Help me Handle my In-laws and our Religious Differences

It's one thing if your mother-in-law doesn't think your house is clean enough. Questioning your faith and the spiritual upbringing of your kids is another. Do you have any advice?

Moms Talk is a weekly feature on all Lehigh Valley Patches in which local parents, caregivers and other members of the community are invited to share opinions and advice on parenting topics.

This week’s Moms Talk question relates to inter-faith marriages and coping with the in-laws.

Basic etiquette rules list religion among those topics to be avoided at dinner parties. But what about at family gatherings? This week’s Moms Talk question comes to us from a regular Moms Talk reader and commenter who needs some advice on a sticky family situation that she is dealing with. She has one set of religious beliefs. Her husband another. Her in-laws yet another. She and her spouse are “good” with the whole religion situation. Her in-laws however, are not. Plus, there are children involved and grandma and grandpa really believe the spiritual upbringing of their grandchildren is sorely lacking. And there-in lies the rub.

So, here’s what we want to know:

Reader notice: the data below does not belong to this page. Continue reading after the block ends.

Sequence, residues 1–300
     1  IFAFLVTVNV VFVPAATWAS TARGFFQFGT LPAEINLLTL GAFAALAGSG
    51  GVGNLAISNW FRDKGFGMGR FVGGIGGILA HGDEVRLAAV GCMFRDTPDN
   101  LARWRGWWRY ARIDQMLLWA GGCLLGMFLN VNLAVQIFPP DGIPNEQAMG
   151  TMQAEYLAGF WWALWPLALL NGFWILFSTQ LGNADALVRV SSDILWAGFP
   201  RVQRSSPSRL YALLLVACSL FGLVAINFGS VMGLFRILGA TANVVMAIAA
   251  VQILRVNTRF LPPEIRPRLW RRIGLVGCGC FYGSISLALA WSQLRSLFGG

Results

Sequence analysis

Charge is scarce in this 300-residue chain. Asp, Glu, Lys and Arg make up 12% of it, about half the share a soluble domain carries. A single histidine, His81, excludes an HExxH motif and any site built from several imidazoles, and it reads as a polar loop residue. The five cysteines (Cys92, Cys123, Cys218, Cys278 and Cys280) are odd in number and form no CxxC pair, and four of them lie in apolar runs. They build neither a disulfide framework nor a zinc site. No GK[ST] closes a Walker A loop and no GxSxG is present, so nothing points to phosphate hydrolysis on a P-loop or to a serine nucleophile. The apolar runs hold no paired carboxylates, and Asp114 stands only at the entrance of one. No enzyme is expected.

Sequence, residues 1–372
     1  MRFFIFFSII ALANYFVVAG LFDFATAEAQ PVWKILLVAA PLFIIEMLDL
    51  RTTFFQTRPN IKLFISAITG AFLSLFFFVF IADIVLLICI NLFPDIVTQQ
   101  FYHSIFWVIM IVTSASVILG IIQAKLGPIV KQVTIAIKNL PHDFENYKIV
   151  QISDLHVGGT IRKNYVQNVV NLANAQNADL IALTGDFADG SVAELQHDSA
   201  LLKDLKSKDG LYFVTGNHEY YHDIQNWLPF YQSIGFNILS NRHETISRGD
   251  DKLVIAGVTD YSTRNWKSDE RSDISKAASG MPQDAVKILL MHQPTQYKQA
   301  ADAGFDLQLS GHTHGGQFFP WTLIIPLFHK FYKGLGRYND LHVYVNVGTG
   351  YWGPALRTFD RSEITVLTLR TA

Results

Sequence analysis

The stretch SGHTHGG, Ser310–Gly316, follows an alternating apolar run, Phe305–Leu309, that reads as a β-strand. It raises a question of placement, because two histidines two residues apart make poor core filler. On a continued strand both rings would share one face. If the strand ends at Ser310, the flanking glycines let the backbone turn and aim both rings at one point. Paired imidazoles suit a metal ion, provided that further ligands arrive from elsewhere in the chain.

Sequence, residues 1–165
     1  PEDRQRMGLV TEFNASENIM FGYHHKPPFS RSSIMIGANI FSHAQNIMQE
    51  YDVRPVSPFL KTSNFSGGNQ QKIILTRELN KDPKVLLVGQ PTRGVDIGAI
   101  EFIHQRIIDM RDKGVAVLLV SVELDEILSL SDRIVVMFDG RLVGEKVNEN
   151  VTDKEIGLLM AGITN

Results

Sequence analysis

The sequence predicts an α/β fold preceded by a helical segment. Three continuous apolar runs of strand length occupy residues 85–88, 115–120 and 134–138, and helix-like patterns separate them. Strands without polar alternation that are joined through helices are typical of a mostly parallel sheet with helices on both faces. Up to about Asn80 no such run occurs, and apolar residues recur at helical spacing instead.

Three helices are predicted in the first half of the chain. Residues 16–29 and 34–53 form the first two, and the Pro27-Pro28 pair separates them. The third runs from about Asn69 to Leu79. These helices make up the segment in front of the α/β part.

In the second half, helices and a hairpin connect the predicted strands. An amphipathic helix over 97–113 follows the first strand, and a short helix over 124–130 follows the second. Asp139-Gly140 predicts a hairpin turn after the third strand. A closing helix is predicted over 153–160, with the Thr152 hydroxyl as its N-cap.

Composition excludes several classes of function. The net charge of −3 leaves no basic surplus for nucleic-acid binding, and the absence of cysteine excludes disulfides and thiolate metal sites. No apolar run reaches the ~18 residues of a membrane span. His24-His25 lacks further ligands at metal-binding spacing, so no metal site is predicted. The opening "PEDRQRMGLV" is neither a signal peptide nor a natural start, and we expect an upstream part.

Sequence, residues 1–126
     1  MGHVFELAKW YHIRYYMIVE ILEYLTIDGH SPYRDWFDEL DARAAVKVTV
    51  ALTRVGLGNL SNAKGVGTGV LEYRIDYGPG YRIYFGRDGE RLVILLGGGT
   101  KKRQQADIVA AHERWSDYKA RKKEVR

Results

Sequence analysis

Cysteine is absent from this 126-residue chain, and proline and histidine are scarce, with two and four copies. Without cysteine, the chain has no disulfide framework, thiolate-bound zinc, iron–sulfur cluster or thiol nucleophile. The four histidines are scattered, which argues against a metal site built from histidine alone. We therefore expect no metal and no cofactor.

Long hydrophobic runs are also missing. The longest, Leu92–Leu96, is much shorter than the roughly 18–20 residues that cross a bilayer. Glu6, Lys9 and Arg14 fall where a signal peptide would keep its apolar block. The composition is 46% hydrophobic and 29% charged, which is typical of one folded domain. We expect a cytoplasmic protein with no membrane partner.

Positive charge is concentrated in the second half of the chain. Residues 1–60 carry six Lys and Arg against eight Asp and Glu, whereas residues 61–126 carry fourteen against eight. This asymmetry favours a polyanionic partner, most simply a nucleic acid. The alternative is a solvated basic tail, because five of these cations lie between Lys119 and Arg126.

What advice do you have for coping with the in-laws and differing religious beliefs?

Our Moms Council members include: 

  • Lisa Amey of Upper Milford Township is a stay-at-home mother of two. A past president of the MOMS Club of Emmaus and longtime member of MOPs (Mothers of Preschoolers), Lisa is an Independent Consultant for Arbonne International. 
  • Lisa Drew of Emmaus is a certified nutritionist and personal trainer, wellness and fitness coach with more than 17 years of experience. She is the mother of a 13-year-old girl and a 9-year-old boy.
  • Jennifer Elston of Emmaus has almost two decades of professional experience in child development and counseling. She is currently a stay-at-home mom to two beautiful girls. Together with her husband, Chris, she owns Christopher Elston Photography.
  • Jeanne Lombardo of Nazareth is the mother of a 10-year-old boy and a 5-year-old girl. She’s new to the Lehigh Valley, having moved to Nazareth from Bergen County, NJ in January.
  • Lisa Merk of Lower Macungie is a stay-at-home mother of four boys – a 12-year-old and 6-year-old triplets. Lisa is a past president of the MOMS Club of Lower Macungie East. In her “spare” time, Lisa teaches piano to school-age children.
  • Zoila Bonilla Paul of Bethlehem is a stay-at-home mom to two girls – a 5-year-old and a 14-month-old. Zoila is a member of her local “moms’ club” and says she is “well-versed in the fun that children can bring.”
  • Beth Sharpless of Emmaus works part time in a local emergency department as a nurse and part time from home as a customer support specialist. She has two children -- a boy who is almost 2 and a 5-year-old girl. She says they love spending time outdoors and dancing.

If you would like to become a part of the Moms Council and/or have ideas for future Moms Talk questions, please email jennifer.marangos@patch.com.

Emma October 01, 2012 at 06:21 AM